Polls will close at 10:00pm tonight.

Applications must be submitted to the Elections Commission by February 11. Parliamentary elections are set for March 22.


Civil Court rules in favour of PPM over contested primary results

The Civil Court today ruled in favour of the Progressive Party of Maldives (PPM) in a case filed by former PPM Deputy Leader Umar Naseer, challenging the outcome of the party’s presidential primary in March 2013 in which he lost to the party’s parliamentary group leader, MP Abdulla Yameen.

Umar sought invalidation of the primary results on the grounds that 8,915 people who were not officially registered as PPM members had been allowed to vote in violation of the Political Parties Act.

In the verdict (Dhivehi) delivered this afternoon, Civil Court Judge Aisha Shujoon ruled that a decision by the PPM strategic planning committee to not omit from the official registry names of members who changed parties during the period from December 1, 2012 to February 28, 2013 was unlawful.

However, she noted, Umar Naseer did not submit any evidence to prove to the court that registered members of other political parties voted in the PPM primary.

Moreover, as the Political Parties Act did not clearly specify procedures for members to register with a party, Shujoon noted that PPM members whose forms had been accepted by the party and listed in the membership rolls could participate in the primary, despite their forms not being processed by the Elections Commission (EC) and entered into the official registry.

The judge also noted that despite a provision in the PPM’s charter or regulations for the party’s election committee to make the list of eligible voters public two weeks before voting, the list was not released in accordance with the PPM’s charter.

However, as Umar Naseer did not lodge an official complaint using the party’s internal mechanisms, the court believed that “Umar Naseer did not have any complaints regarding the matter and even though it happened, it did so with Umar Naseer’s consent.”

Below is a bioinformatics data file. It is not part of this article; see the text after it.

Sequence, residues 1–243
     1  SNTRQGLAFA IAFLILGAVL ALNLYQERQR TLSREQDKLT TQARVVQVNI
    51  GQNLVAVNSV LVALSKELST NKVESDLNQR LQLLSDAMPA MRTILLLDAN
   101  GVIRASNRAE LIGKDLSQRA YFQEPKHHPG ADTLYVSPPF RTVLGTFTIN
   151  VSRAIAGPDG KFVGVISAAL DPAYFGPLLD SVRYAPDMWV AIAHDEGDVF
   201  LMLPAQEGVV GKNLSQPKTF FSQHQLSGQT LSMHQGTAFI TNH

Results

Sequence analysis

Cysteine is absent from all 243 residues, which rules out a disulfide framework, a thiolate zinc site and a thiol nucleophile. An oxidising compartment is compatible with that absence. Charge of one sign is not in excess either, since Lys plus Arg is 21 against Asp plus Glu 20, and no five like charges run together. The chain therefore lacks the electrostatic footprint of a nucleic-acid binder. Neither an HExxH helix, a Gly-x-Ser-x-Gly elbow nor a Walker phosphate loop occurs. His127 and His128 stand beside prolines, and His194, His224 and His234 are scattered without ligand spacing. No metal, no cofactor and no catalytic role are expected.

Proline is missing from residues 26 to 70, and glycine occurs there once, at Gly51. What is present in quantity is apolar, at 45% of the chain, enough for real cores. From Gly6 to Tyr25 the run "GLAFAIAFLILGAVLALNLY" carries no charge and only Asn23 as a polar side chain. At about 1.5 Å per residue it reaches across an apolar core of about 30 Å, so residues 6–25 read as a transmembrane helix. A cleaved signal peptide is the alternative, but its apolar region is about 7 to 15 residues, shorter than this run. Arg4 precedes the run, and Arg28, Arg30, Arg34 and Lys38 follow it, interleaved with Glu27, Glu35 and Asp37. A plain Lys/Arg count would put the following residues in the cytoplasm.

Based on the procedural points raised by both sides during the trial, Judge Shujoon ruled that there were no legal grounds to grant Umar’s request to invalidate the primary.

According to newspaper Haveeru, Shujoon said after reading out the verdict that the court believed there were irregularities in the PPM primary, but explained that the case was concluded based on relevant procedural issues and available evidence.

Prior to submission of the case, Umar was dismissed from the PPM on April 27 this year after levelling serious allegations against PPM presidential candidate MP Abdulla Yameen at a rally held shortly after he was defeated in the primary.

The rally was organised without the approval of the PPM council, which contended that it was held in violation of the party’s rules mandating support for the presidential candidate after the primary.

Umar went ahead with the rally despite pleas for unity by the party’s leader and figurehead, former President Maumoon Abdul Gayoom, half-brother of the primary winner.

Umar alleged at the rally that primary winner Yameen was backed by the Gayoom family and the PPM parliamentary group, controlled all of the party’s organs, including the council and election committee, and had “rigged” the primary by ballot stuffing, falsifying the count and “pouring black money” to buy votes.

He further alleged that criminal gangs, convicts and drug smuggling “networks” were part of Yameen’s campaign team.

“Less than 24 hours after my brother Abdulla Yameen won the primary, the foremost person in the Maldives’ corruption network, Deputy Speaker of the People’s Majlis Ahmed Nazim joined the PPM,” Umar said, declaring that he would not back Yameen if he contests the September presidential election with “corrupt people” in his team.

Yameen meanwhile denied the accusations, while the PPM later asked Umar to apologise for his remarks or face disciplinary action.

According to local media reports, supporters of Umar Naseer have been joining business magnate Gasim Ibrahim’s Jumhooree Party (JP) and campaigning for the JP presidential candidate. Among the high-profile defections from Umar’s camp following the disputed primary was PPM MP Ilham Ahmed, also a deputy leader of the party, who joined the JP in April this year.


Prepared to go “to any depth” to win 2013 presidential elections: PPM presidential candidate

Winner of the Progressive Party of Maldives (PPM)’s presidential primary and now the party’s official Presidential Candidate MP Yameen Abdul Gayoom has said that he is willing “to go any depths” necessary in order to secure a PPM victory in the 2013 Presidential Elections, scheduled for September 7.

The remark was made in a statement released by Yameen following his victory in PPM’s presidential primary.

Former President Maumoon Abdul Gayoom’s half brother was selected as the party’s presidential candidate on Saturday (March 30) in a landslide victory in the party’s presidential primary, securing 63 percent of the vote.  The preliminary results revealed Yameen had won the election with a total of 13,096 votes, while his sole competitor Umar Naseer received just 7,450 votes – a margin of 5,646 votes.

Yameen – who is also the PPM’s parliamentary group leader – in his victory statement said that he would remain “firm and determined” in protecting the “faith and trust” placed in him by the party members.